Sen. Jon Kyl, the Republicans' vote counter, blocked Democratic efforts Thursday evening to bring up the Senate version of the tax bill to recoup most of the $165 million paid out by AIG last weekend and other bonuses in 2009. The House had swiftly approved its version of the bill earlier in the day.

By rushing, Kyl said, Democrats were letting populist outrage trump informed decision-making in the Senate, which is supposed to be insulated from the pressures of public passion.

"I don't believe that Congress should rush to pass yet another piece of hastily crafted legislation in this very toxic atmosphere, at least without understanding the facts and the potential unintended consequences," Kyl said on the Senate floor. "Frankly, I think that's how we got into the current mess."

Senate Democrats said they will try again next week to take up the tax bill and hope to complete it before April 4, when Congress leaves for a two-week spring break. Combining the disparate House and Senate versions of the bill might have to wait until after the recess.

The Senate voted last month to block the bonuses at AIG and other companies as part of the $787 billion stimulus bill, but Democrats then watered down the measure allowing them after Treasury Department officials warned that the move could trigger lawsuits against the government.

Last week, when Treasury Secretary Tim Geithner couldn't talk AIG out of paying the bonuses, Republicans were quick to blame Democrats, pointing out that they were in charge of Congress and the department when the decision was made about bonuses and the stimulus bill. Democrats sought to regain the offensive — and stem the political damage — with promises to tax the bonuses away....(Click for remainder).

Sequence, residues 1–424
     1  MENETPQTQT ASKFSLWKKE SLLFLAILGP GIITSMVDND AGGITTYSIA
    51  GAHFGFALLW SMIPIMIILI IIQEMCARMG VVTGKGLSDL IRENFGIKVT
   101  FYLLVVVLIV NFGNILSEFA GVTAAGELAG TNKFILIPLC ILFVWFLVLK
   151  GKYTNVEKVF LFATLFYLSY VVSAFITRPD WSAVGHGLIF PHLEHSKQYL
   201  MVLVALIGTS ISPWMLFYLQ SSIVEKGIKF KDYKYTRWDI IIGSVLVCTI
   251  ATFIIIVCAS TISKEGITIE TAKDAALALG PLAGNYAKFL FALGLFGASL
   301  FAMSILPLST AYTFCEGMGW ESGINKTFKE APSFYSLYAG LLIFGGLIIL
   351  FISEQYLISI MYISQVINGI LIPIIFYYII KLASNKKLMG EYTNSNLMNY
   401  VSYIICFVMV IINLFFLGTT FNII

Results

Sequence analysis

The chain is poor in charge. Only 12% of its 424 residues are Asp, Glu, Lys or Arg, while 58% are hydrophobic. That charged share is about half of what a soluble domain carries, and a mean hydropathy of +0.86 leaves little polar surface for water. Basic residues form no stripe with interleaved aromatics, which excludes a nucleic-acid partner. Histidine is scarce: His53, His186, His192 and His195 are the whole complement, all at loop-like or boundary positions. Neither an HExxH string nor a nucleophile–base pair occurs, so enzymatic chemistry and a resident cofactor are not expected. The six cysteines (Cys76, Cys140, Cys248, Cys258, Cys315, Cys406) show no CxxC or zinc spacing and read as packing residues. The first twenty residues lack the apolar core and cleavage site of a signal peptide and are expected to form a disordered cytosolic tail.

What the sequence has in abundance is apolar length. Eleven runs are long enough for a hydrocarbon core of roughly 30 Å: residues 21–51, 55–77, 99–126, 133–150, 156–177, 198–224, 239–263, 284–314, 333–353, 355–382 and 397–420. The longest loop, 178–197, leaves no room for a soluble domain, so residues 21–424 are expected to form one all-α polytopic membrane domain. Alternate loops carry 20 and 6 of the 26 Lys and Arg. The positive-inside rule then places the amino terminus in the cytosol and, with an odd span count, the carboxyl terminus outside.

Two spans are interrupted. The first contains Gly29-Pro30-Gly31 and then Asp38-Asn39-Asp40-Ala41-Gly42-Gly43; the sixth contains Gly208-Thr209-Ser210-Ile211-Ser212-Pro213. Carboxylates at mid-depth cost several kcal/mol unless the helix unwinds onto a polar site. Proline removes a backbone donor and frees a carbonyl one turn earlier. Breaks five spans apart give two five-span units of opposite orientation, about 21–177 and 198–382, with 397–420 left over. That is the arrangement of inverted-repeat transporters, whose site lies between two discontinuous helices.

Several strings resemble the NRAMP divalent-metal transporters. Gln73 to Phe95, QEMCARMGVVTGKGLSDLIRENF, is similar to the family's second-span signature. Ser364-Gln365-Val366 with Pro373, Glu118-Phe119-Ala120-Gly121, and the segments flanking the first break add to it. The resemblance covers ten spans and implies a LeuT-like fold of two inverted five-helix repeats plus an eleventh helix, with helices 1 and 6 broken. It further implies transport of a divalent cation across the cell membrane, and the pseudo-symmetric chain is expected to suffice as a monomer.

Congressman Offers Preemptive Apology for Extra-Marital Affair


White House seeks broad new authority to reform financial system

By Jed Lewison
Daily Kos

This is going to drive Republicans Rush Limbaugh crazy:
Administration Seeks Increase in Oversight of Executive Pay

WASHINGTON — The Obama administration will call for increased oversight of executive pay at all banks, Wall Street firms and possibly other companies as part of a sweeping plan to overhaul financial regulation, government officials said.

The outlines of the plan are expected to be unveiled this week in preparation for President Obama’s first foreign summit meeting in early April.

Increasing oversight of executive pay has been under consideration for some time, but the decision was made in recent days as public fury over bonuses has spilled into the regulatory effort.

The officials said that the administration was still debating the details of its plan, including how broadly it should be applied and how far it could range beyond simple reporting requirements. Depending on the outcome of the discussions, the administration could seek to put the changes into effect through regulations rather than through legislation.

One proposal could impose greater requirements on the boards of companies to tie executive compensation more closely to corporate performance and to take other steps to assure that outsize bonuses are not paid before meeting financial goals.
This proposal is no joke. It isn't limited to just AIG, or even just TARP recipients. It aims at a fundamental overhaul of the way things work at financial institutions and publicly traded companies, not only with respect to executive compensation, but also in terms of how complex financial instruments like derivatives are regulated....(Click for remainder).


Big Money Fuels Fight Over Labor Bill

By Daphne Eviatar
The Washington Independent

The nonpartisan money-in-politics-tracking Website,, has an eye-opening roundup of the money spent in support or opposition the Employee Free Choice Act, introduced in Congress yesterday.